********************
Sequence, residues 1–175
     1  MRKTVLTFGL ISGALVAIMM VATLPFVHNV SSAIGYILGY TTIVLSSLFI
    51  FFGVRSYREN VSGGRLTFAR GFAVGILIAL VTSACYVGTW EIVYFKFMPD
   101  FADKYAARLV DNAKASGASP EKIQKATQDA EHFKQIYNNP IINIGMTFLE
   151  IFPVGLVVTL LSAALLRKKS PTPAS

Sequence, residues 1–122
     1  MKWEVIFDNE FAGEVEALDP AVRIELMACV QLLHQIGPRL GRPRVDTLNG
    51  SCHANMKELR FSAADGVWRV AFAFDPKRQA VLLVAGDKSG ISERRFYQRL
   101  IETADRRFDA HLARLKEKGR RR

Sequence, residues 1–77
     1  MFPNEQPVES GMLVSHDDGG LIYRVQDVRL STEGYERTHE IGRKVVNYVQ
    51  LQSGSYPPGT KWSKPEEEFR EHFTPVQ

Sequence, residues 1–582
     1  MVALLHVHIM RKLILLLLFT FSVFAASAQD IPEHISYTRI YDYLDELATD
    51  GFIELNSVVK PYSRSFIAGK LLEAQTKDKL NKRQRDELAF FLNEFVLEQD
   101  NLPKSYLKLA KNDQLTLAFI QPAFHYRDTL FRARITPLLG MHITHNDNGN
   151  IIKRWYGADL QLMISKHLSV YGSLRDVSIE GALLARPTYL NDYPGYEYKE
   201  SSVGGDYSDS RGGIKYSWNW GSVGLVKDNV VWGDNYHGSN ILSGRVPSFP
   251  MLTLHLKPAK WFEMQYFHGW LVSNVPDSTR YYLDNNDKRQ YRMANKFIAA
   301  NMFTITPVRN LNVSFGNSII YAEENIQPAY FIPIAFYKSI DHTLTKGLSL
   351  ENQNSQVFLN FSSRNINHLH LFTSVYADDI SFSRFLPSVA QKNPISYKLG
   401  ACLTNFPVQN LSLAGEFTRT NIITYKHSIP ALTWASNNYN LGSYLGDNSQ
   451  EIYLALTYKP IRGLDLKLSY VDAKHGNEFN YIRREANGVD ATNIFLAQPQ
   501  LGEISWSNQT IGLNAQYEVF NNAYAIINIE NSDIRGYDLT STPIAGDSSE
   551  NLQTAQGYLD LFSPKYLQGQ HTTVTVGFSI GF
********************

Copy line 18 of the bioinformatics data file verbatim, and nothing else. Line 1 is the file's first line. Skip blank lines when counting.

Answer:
   201  SSVGGDYSDS RGGIKYSWNW GSVGLVKDNV VWGDNYHGSN ILSGRVPSFP